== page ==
The latest good practice tips and guidance for cash based assistance in the Movement
The Movement is continually learning from field practice to gather good practice and develop guidance that can help improve future practice in cash based assistance. Explore this section to access learning from the Movement on how to assess, design, implement, monitor and evaluate cash programmes.
These guidelines cover all aspects of the programme cycle, from assessment, design, implementation, to monitoring and evaluation and are designed for field practitoners. These guidelines will be useful both to decide if cash is relevant and feasible as well as to provide practical, step-by-step guidance on how to design and implement a cash programme. These guidelines should be read along with the Roadmaps from the Cash in Emergencies Toolkit as well as other relevant programming guidance.
The Movement recognises that to be able to predictably deliver cash based assistance, investments must be made to develop the cash readiness at an organisational level. This guidance therefore provides a step-by-step process for a National Society to work through and outlines a menu of activities through a '4 tracks' approach to become cash proficient. This guidance should be read along with the Roadmaps and Tools in the Preparedness section of the Cash in Emergencies Toolkit.
The RAM is an instrument allowing humanitarian practitioners with limited market expertise and time to develop a rapid and basic first understanding of key markets inthe immediate aftermath of a shock. The RAM strengthens response analysis by providing market data, essential for informed decision-making on appropriate transfer mechanisms (i.e. in-kind or cash-based) if relief is to be provided. The tools used in the RAM, such as market mapping tools, can also reveal possibilities for market-support interventions and identify entry points to support market recovery.
This guidance is a comprehensive complements to the RAM and suggests processes and tools aimed at integrating market analysis into the different phases of the project cycle. The MAG is targeted at staff and external consultants who have a role in leading market analysis, as well as managers who need to make programming decisions and to implement market-related relief and early recovery interventions. It offers a simple approach to the processes of gathering and analysing market data and making decisions based on such information. Whilst it is therefore relevant for all humanitarian programming it is of particular interest for cash based assistance.
Advocacy is particularly important around CTP as there remain barriers to CTP due to perceptions and concerns about reputational risk, misuse of cash, corruption and the need for complex monitoring/financial control systems. Moving from more traditional in-kind based responses to cash based responses can also require a shift in thinking and practice that requires ongoing advocacy efforts to ensure National Socities move to routinely consider cash transfer programming as a response option, alongside other forms of response, based on the context, situation, needs and capacities. This guidance provides generic materials that can be adapted to a specific context, to run awareness sessions for senior representatives of a National Society on the nature of cash transfer programming, its challenges and benefits.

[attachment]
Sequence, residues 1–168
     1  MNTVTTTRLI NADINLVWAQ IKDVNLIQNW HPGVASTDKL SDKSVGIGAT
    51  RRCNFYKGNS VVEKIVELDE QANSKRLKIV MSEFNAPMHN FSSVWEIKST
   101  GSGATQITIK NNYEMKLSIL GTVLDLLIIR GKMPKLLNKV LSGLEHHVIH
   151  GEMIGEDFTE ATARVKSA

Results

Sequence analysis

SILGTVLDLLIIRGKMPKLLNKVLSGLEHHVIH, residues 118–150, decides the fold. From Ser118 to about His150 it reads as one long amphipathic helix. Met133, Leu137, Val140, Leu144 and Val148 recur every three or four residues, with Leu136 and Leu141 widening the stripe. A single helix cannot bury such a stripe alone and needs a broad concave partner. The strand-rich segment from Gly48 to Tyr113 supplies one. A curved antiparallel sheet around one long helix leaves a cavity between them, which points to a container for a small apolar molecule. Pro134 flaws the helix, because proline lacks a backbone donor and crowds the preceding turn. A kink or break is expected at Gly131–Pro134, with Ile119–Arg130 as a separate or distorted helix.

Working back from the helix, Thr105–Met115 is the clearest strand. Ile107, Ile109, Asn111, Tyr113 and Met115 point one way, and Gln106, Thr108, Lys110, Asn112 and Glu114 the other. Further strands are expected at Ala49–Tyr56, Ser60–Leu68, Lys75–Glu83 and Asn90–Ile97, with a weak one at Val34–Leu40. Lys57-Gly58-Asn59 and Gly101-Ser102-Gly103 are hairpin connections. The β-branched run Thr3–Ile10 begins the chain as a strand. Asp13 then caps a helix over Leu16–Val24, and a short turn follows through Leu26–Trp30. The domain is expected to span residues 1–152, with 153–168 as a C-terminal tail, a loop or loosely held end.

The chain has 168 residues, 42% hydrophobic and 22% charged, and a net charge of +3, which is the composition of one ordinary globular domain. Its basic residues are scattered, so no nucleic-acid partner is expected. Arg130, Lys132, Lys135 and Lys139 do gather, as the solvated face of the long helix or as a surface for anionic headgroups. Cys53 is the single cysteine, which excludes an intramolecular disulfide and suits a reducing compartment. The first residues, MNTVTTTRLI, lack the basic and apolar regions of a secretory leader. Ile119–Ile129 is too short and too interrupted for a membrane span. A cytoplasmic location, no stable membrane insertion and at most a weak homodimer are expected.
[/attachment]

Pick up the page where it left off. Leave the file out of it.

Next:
These provided a structured overview of how cash based assistance is administered through the IFRC and include the roles and responsibilities, procedures and pre-requisites for the various functions involved.
The aim of these SOPs is to support and facilitate the set up and implementation of cash transfer and voucher programming within the ICRC by specifying the respective roles and responsibilities, defining the processes involved and minimum documentation required as well as providing key reference materials.
Despite this growing acceptance of CTP as a response option, concerns about misuse and fraud remain an obstacle for many National Societies in adopting cash-based responses. This concern revolves around the risk of diversion of funds due to its greater appeal and discretion compared to its in-kind equivalent. As routine consideration of appropriate CTP becomes increasingly expected by all stakeholders and CTP is identified as a preferred form of support by the affected population, risks of fraud does not necessarily mean that CTP should not be implemented, rather they need to be identified and appropriately managed. This anonymized case study walks through the process of how the IFRC and National Society dealt with fraud in a large, longer-term CTP project that resulted in the continuation of the programme and so provides guidance and learning for any National Society to further mitigate similar risks in other programmes.